“Can I sniff you?”
With careful planning, caution, and patience, a new dog can be introduced into a home that already has a resident cat or dog, and all can live in the same household contentedly. Be aware that while some pets become instant and life-long buddies, others may have long term objections and overall intolerance to one another. As a general rule, opposite sex introductions tend to go smoother than same sex introductions. Also, if the dogs are neutered or spayed, you will have an easier time introducing them and prevent an unwanted litter. Below are some guidelines to assist in a positive introduction.
INTRODUCING A NEW DOG OR PUPPY TO A RESIDENT DOG:
Introduce the two dogs on neutral territory, somewhere neither dog has occupied for very long, such as at a nearby park. This will keep any territorial fighting instincts from interfering with the introduction.
Your present dog should be well trained before adding another dog. Being able to control your dog’s behavior by using basic commands is essential. Every dog should be trained using a positive reinforcement training method.
Keep the dogs on a leash in case you need to separate/control them.
Young dogs or puppies will most likely be friendly, but if they get too exuberant, an older dog may be initially less tolerant of that behavior. A puppy may not recognize subtle body postures from adult dogs signaling that they've had enough. Be aware that well-socialized adult dogs with good temperaments may set limits with puppies with a warning growl or snarl. These behaviors are normal and should be allowed. However, adult dogs who are not well-socialized, or who have a history of fighting with other dogs, may attempt to set limits with more aggressive behaviors. Do not leave the puppy alone with the adult dog until you are sure it is safe. Be sure to give the adult dog some quiet time away from the puppy, and individual attention.
If possible, try to keep the new dog calm and controlled in the presence of the resident dog. This will help them gradually work out social status. Keep the resident dog controlled and calm also, so as to not intimidate the new dog. Use positive reinforcement to encourage friendly interaction.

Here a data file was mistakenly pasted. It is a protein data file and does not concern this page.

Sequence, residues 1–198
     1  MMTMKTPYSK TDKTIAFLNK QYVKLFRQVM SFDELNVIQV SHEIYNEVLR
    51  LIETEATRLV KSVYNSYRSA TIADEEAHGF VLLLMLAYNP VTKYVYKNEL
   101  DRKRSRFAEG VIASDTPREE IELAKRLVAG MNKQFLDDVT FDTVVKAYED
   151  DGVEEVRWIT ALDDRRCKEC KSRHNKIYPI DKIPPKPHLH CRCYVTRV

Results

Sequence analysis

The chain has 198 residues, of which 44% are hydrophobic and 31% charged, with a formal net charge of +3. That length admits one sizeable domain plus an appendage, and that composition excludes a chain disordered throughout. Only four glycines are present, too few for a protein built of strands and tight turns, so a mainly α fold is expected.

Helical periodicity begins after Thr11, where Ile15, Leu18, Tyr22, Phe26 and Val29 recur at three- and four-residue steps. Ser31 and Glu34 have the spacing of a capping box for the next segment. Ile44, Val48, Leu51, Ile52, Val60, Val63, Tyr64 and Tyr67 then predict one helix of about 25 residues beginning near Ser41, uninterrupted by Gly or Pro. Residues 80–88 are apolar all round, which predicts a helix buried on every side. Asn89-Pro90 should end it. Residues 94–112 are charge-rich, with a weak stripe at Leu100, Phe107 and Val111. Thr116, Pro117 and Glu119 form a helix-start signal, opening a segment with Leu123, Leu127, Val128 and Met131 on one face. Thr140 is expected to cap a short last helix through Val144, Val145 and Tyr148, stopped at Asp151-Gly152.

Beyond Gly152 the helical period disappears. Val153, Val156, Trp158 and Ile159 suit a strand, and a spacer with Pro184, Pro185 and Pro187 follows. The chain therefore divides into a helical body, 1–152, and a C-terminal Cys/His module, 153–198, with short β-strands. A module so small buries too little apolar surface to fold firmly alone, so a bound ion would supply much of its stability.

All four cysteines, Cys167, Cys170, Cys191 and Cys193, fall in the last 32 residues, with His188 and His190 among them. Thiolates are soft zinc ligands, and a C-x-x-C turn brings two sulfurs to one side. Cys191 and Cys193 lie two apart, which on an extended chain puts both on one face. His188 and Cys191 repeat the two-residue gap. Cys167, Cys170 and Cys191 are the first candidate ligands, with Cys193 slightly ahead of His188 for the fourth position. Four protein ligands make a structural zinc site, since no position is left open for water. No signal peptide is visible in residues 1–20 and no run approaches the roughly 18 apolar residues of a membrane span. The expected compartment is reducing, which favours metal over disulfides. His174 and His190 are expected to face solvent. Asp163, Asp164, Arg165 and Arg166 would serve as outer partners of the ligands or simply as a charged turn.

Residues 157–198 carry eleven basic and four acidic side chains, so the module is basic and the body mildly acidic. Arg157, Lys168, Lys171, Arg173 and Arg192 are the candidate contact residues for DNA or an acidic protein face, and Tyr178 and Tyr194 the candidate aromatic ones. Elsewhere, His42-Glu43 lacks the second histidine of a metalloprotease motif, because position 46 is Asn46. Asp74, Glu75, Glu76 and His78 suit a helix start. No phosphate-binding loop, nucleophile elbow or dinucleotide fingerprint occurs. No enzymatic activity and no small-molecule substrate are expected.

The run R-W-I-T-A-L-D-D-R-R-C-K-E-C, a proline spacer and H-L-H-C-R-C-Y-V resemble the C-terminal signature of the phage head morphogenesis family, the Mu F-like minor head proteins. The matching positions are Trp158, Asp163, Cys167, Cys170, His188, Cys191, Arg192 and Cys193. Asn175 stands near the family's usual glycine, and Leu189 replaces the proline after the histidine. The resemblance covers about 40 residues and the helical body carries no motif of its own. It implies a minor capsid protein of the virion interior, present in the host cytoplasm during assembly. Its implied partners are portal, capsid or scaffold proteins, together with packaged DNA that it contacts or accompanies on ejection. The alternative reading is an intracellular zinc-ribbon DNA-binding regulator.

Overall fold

Once the dogs accept one another, make sure you give each dog individualized attention. Be sensitive to signs of stress or incompatibility. Supervise their interactions. Recognize a balance between too much roughness and the natural behavior of dogs working out a social order. Do not impose your preference for which dog should be dominant. That can confuse the dogs and create further problems.
Provide them each a place to feel secure and safe in your home. Your first dog should
be able to relax in his/her spot without worrying that he/she needs to protect it. At meal time, feed them at the same time but in separate areas of a room. Separate with a gate or in different rooms if either dog seems anxious.
In cases of extreme aggression by either dog, it may not be worthwhile to proceed.
You may want to enlist the advice/assistance of a qualified trainer to ensure you are handling the introduction properly and safely. There are also numerous online resources such as the ASPCA. (www.aspca.org)
INTRODUCING A NEW DOG TO A RESIDENT CAT:
Before introducing a new dog to a cat, try to determine if the dog will try to harm the cat.
If it is an adult dog, ask the previous owner about any of the dog’s interactions with cats.
If it is a shelter dog, ask the staff if they have any knowledge of the dog’s history with cats.
As a general rule, young puppies are unlikely to harm an adult cat and can be introduced under supervision to ensure they don’t get too exuberant and the interaction is positive for both pets.
Confine the cat temporarily to a separate room with his/her litter box, food, water, bedding, and scratching post. This will allow the two pets to smell and hear each other under the door without a direct confrontation.
Swap bedding materials so that each one can get accustomed to one another’s scent. Allow them to check out each other’s living quarters.
Keep the dog on a leash during its first few interactions with the cat so you can maintain control of the situation. A loose cat that runs can trigger the predator instinct in a dog and a leash will help you control that urge to chase.
Keep the introductions low key and don’t force them to be around one another. Let them check out one another at their own pace.
Cats that have had positive experiences with dogs are more likely to accept a new dog.
Make sure the cat’s litter box and food are kept out of reach from the dog and the cat has a place to escape. Both pets need their own defined space to eat and sleep without being infringed upon by the other pet.